Jessie, out

Yesterday, Debian announced the release of Jessie as their new stable release, after 24 months of development and patches

First and foremost, Jessie comes with systemd – sysvinit being still available.
Let’s review the fundamentals, before unleashing the troll:

  • Kernel 3.16
  • LibVirt 1.2.9
  • Xen 4.4
  • Vzctl 4.8
  • Asterisk 11.13
  • Puppet 3.7
  • Apache 2.4.10
  • Bind 9.9
  • GCC 4.9
  • PHP 5.6
  • PostgreSQL 9.4
  • MySQL 5.5.43
  • Samba 4.1

Now let’s go back on Systemd, and to Lennard Poettering “gifts” to the community, in general.

Systemd is controversial for many reasons. At first, it was about re-inventing the wheel.
Systemd is supposed to replace sysvinit scripts – powering most of your Unix distributions since 20 years or so.
Although, systemd relies on Linux Kernel specifics, and thus is not portable to BSD. On that subject, Poettering tells us even if his solution would be portable, BSD users won’t switch to it, so there’s no problem in creating a sysvinit alternative targeted to Linux systems (which feels like it could be true, but also sounds like racism), and anyway, porting it would require time investigating on alternatives (see #13 and #15 fom Lennard response to its detractors).
The thing is, systemd does not only replace sysvinit, but also manage file system mounting, power and devices management, disk encryption, network configuration, sessions management, GPT partitions discovery, … Some may argue that Systemd goes against Unix philosophy of “doing one little thing, and do it well”.

From the practical point of view, systemd stores its logs using journald, and binary files. Logs are thus corruptible, and can’t be manipulated as easily as traditional plain-text files.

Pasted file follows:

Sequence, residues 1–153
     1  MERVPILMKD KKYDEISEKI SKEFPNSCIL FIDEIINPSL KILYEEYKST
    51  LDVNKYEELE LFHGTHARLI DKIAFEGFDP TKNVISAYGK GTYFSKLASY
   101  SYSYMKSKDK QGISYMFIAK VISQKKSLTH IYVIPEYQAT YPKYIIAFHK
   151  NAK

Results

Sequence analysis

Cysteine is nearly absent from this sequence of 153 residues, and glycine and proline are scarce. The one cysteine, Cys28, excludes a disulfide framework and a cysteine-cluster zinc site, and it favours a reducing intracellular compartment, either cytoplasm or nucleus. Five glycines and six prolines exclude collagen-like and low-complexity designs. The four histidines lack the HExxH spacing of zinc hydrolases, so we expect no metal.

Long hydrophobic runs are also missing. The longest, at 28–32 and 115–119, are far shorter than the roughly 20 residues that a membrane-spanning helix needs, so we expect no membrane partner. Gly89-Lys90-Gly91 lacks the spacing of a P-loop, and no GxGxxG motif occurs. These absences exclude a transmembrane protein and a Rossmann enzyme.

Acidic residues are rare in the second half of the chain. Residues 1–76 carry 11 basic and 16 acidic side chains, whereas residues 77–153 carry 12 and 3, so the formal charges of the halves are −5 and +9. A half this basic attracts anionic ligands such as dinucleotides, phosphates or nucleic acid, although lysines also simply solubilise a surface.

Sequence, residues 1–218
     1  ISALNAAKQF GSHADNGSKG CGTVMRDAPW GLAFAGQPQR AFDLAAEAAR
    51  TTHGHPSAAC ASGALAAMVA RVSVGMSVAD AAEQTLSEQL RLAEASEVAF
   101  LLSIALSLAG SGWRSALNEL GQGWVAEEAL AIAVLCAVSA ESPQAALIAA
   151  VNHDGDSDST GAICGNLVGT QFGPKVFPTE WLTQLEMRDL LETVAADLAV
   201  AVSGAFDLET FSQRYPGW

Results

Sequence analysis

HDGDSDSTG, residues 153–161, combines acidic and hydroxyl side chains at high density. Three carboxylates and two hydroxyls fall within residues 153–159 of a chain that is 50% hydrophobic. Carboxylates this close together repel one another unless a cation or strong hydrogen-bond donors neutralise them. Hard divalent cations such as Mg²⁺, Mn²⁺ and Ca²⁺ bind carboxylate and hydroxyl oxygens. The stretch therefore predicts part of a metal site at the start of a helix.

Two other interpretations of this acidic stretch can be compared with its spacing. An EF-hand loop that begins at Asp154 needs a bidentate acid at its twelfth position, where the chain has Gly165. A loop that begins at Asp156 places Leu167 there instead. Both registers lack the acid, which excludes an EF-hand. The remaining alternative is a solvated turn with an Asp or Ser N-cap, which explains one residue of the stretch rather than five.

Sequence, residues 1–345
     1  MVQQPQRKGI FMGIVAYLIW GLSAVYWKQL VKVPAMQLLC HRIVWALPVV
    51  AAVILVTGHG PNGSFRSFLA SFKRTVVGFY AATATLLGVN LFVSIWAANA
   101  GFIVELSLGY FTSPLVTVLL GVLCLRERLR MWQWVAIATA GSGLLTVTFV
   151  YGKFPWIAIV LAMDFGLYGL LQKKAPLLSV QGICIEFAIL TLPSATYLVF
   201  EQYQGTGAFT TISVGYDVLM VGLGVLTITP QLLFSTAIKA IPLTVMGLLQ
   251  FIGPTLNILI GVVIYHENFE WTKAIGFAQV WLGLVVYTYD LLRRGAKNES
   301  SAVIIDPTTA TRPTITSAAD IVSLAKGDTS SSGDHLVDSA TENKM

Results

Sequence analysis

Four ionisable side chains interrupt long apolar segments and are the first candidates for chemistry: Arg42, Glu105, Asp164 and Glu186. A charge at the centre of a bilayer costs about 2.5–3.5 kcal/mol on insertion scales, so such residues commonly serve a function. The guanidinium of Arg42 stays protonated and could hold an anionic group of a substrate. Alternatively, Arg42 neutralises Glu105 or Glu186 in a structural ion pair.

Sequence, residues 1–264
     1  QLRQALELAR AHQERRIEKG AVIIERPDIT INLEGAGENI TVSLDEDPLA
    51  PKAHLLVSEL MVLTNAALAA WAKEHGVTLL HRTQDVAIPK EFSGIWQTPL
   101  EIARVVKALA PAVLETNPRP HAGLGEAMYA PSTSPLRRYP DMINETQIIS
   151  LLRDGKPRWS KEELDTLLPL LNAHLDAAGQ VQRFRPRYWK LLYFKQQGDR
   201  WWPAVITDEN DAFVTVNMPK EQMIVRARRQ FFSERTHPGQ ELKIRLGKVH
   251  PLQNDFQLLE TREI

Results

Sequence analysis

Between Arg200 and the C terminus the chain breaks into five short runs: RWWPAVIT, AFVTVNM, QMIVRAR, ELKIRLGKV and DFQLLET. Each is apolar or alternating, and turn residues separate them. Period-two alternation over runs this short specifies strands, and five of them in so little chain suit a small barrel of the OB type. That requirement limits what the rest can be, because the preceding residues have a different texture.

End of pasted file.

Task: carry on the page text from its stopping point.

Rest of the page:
Being dependend on Linux kernel, using a perticular version of systemd implies running a compatible version of Linux kernel.
Systemd differs from sysvinit by being non-deterministic, non-predictible. Its process is hidden within init, risking to bring down the whole system by crashing. Meanwhile, a plenty of non-kernel system upgrades would now require you to restart your system anyway – tastes like Windows, feels like Windows, …

So why trying to fix something that is working? Why main distributions all seems to switch to systemd, when there is other replacement such as openRC, or even sysvinit?

By nature, integrating and re-designing Unix core components such as udev or dbus unilaterally involve both having all components systematically installed (when a server does not automatically need them), as well as their interface being progressively and obscurely rewritten, providing new interfaces. At some point, GNOME started using logind from systemd, to authenticate users. Setting up GNOME without systemd became acrobatic. More and more distributions are forced to integrate systemd.

Systemd could be described as a system daemon, sometimes referred as a “basic userspace building block to make an OS from”, engulfing features formerly attributed to a syslog daemon, your network or device managers, … Systemd’s spread is symbolic, showing a radical shift in thinking within the Linux community: desktop-oriented, choice-limiting, isolationist. Collateral victim being Debian/kFreeBSD, guilty of not using the holy Linux kernel.

Finishing on a parenthesis regarding kFreeBSD architecture of Debian: despite being encouraged to build it by myself, I’m a bit puzzled.
On one hand, you have the installation-guide-kfreebsd-amd64 package, containing a few HTML files with the well-known documentation, broken links to non-existing kernel and initrds. On the other hand, the kfreebsd-source-10.1 package, which Makefile doesn’t seem to work at all. Hooray for Poettering.

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